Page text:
Surgical outcomes of craniocervial junction meningiomas: A series of 22 consecutive patients
ABSTRACT We present our experience in managing craniocervical junction meningiomas and discuss various surgical approaches and outcomes.
We retrospectively reviewed 22 consecutive cases of craniocervical junction meningiomas operated on between August 1995 and May 2012.
There were 15 female and 7 male patients (mean age: 54 years). Meningiomas were classified based on origin as spinocranial (7 cases) or craniospinal (15 cases). Additionally, the tumors were divided into anatomical location relative to the brainstem or spinal cord: there were 2 anterior tumors, 7 anterolateral, 12 lateral, and 1 posterolateral. Surgical approaches included the posterior midline suboccipital approach (9 cases), the far lateral approach (12 cases) and the lateral retrosigmoid approach (1 case). Gross-total resection was achieved in 45% of patients and subtotal in 55%. The most common post-operative complications were cranial nerve (CN) IX and X deficits. The mortality rate was 4.5%. There have been no recurrences to date with a mean follow-up was 46.5 months and the mean Karnofsky score at the last follow-up of 82.3. In this series, spinocranial tumors were detected at a smaller size (p=0.0724) and treated earlier (p=0.1398) than craniospinal tumors. They were associated with a higher rate of total resection (p=0.0007), fewer post-operative CN IX or X deficits (p=0.0053), and shorter hospitalizations (p=0.08).
Our experience suggests that posterior midline suboccipital or far-lateral approaches with minimal condylar drilling and vertebral artery mobilization were suitable for most cases in this series.
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ABSTRACT: A modification of the unilateral suboccipital approach is elaborated and illustrated. This modification is useful for aneurysms of the vertebral artery, the vertebrobasilar junction, and the proximal basilar trunk, and for arteriovenous malformations of the inferolateral cerebellum. It entails extreme lateral removal of the rim of the foramen magnum toward the condylar fossa and posterolateral removal of the arch of the atlas toward the exposed vertebral artery. This extra bone removal allows an approach to the front of the brain stem from inferolaterally, after gentle upward and medial retraction of the tonsil, with minimal or no retraction of the medulla.Journal of Neurosurgery 05/1986; 64(4):559-62. DOI:10.3171/jns.1986.64.4.0559 · 3.23 Impact Factor
Article: Benign tumors of the foramen magnum.[Show abstract] [Hide abstract]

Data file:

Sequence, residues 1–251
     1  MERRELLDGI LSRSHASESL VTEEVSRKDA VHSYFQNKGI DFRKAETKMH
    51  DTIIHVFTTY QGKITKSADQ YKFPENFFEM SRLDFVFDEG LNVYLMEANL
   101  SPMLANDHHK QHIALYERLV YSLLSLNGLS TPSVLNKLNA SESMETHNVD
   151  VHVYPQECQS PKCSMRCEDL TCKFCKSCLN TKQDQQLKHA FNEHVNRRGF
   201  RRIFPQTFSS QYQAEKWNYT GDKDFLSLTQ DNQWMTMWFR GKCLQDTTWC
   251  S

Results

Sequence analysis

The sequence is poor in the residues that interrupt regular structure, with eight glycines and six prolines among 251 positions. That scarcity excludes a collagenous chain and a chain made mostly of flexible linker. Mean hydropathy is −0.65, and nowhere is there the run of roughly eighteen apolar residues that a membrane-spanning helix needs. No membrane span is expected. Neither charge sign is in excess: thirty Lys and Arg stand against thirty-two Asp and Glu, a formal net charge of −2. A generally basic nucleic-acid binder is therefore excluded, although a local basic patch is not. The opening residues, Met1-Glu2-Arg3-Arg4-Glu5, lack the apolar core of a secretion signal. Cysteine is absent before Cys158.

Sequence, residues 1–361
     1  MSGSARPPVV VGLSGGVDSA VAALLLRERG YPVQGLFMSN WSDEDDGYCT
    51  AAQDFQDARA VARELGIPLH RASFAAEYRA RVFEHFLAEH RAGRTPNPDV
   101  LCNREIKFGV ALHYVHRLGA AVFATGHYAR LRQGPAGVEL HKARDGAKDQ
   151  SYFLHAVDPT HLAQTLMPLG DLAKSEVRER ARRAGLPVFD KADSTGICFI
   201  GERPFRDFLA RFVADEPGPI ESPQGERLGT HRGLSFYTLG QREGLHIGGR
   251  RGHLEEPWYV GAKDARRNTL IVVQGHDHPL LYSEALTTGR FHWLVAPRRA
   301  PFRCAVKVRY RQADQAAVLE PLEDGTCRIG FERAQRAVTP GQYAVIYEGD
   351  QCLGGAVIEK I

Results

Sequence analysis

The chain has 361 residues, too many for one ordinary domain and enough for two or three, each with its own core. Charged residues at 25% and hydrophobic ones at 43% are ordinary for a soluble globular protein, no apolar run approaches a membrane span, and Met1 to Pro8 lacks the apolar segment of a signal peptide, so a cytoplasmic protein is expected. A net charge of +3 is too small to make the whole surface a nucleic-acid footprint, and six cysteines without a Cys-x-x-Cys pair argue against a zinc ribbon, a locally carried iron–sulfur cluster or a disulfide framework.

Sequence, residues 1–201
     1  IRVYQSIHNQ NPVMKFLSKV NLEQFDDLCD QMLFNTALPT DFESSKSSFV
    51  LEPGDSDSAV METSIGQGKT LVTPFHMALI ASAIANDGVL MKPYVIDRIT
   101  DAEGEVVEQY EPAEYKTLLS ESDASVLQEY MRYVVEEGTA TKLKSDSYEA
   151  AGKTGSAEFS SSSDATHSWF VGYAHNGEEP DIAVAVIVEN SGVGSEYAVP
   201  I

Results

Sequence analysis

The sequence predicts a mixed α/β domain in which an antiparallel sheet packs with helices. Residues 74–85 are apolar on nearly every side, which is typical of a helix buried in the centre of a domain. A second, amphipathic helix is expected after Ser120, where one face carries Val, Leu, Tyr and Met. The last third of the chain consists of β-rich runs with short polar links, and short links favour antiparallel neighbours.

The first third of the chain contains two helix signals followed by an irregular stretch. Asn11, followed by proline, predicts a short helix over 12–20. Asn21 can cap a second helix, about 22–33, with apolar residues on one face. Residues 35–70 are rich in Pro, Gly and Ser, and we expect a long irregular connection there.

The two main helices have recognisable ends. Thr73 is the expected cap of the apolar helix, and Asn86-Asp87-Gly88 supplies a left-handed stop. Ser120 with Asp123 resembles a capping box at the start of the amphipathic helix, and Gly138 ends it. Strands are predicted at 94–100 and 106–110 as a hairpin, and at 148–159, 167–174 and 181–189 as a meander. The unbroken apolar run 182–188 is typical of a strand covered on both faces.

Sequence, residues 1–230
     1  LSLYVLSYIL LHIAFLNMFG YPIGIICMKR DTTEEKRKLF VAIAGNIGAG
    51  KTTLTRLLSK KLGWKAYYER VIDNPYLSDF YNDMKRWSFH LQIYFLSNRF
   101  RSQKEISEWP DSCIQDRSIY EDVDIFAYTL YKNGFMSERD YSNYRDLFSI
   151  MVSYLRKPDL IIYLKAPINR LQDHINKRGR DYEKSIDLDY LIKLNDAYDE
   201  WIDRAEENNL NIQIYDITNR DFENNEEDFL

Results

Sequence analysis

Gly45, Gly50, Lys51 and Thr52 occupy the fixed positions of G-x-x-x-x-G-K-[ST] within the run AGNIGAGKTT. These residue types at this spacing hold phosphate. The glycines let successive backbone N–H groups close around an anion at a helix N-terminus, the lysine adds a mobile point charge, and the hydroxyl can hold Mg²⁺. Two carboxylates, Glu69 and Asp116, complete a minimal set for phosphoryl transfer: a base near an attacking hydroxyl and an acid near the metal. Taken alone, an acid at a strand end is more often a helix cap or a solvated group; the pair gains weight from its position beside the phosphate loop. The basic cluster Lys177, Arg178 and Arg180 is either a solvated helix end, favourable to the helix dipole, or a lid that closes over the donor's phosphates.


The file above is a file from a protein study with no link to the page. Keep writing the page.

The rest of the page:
ABSTRACT: The authors reviewed 102 documented cases of benign extramedullary tumors of the foramen magnum treated at their institution between 1924 and 1982. There was 78 meningiomas, 23 neurofibromas, and one teratoma. Approximately 40% of the patients had a normal neurological examination upon first evaluation. The most frequent presenting complaints were suboccipital neck pain, dysesthesias, gait disturbances, weakness, and hand clumsiness. The average time from initial symptoms to diagnosis was 2 1/4 years. The most common findings included hyperreflexia, arm or hand weakness, Babinski sign, spastic gait, sensory loss, and 11th cranial nerve involvement. Based on these cases, an attempt is made to distinguish foramen magnum tumors from other disease entities by a grouping of signs and symptoms. There is no clinical finding that is pathognomonic. Metrizamide computerized tomography scanning and Pantopaque myelography have been the radiographic tests most commonly used to evaluate the foramen magnum. Recent experience suggests that nuclear magnetic resonance scanning will be a very useful noninvasive means of evaluating the foramen magnum region.Journal of Neurosurgery 08/1984; 61(1):136-42. DOI:10.3171/jns.1984.61.1.0136 · 3.23 Impact Factor
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ABSTRACT: The microsurgical anatomy of the jugular foramen was studied in 10 fixed cadavers, each cadaver consisting of the whole head and neck. Five of the cadavers were injected with latex. The jugular foraminal region was exposed using the infratemporal fossa type A approach of Fisch and Pillsbury in five cadavers (10 sides) and the combined cervical dissection-mastoidectomy-suboccipital craniectomy approach in five cadavers (10 sides). The right foramen was larger than the left in seven cases (70%), equal in two cases (20%), and smaller in one case (10%). The dura covering the intracranial portal of the foramen had two perforations, a smaller anteromedial perforation through which passed the ninth cranial nerve (CN IX), and a larger posterolateral perforation, through which passed the 10th and 11th cranial nerves (CNs X and XI) and the distal sigmoid sinus. The perforations were separated by a fibrous septum in 16 specimens (80%). After exiting the posterior fossa, CNs IX, X, and XI all lay anteromedial to the superior jugular bulb (SJB) within the jugular foramen. The inferior petrosal sinus (IPS) entered the foramen between CNs IX and X in most cases; however, in 10% of our cases it entered the foramen between CNs X and XI, and in 10% it entered the foramen caudal to CN XI. The IPS terminated in the SJB in 90% of our cases; in 40%, the IPS termination consisted of multiple channels draining into both the SJB and internal jugular vein. This study shows that the arrangement of the neurovascular structures within the jugular foramen does not conform to the hitherto widely accepted notion of discrete compartmentalization into an anteromedial pars nervosa containing CN IX and the IPS and a posterolateral pars venosa containing the SJB, CNs X and XI, and the posterior meningeal artery.Journal of Neurosurgery 12/1995; 83(5):903-9. DOI:10.3171/jns.1995.83.5.0903 · 3.23 Impact Factor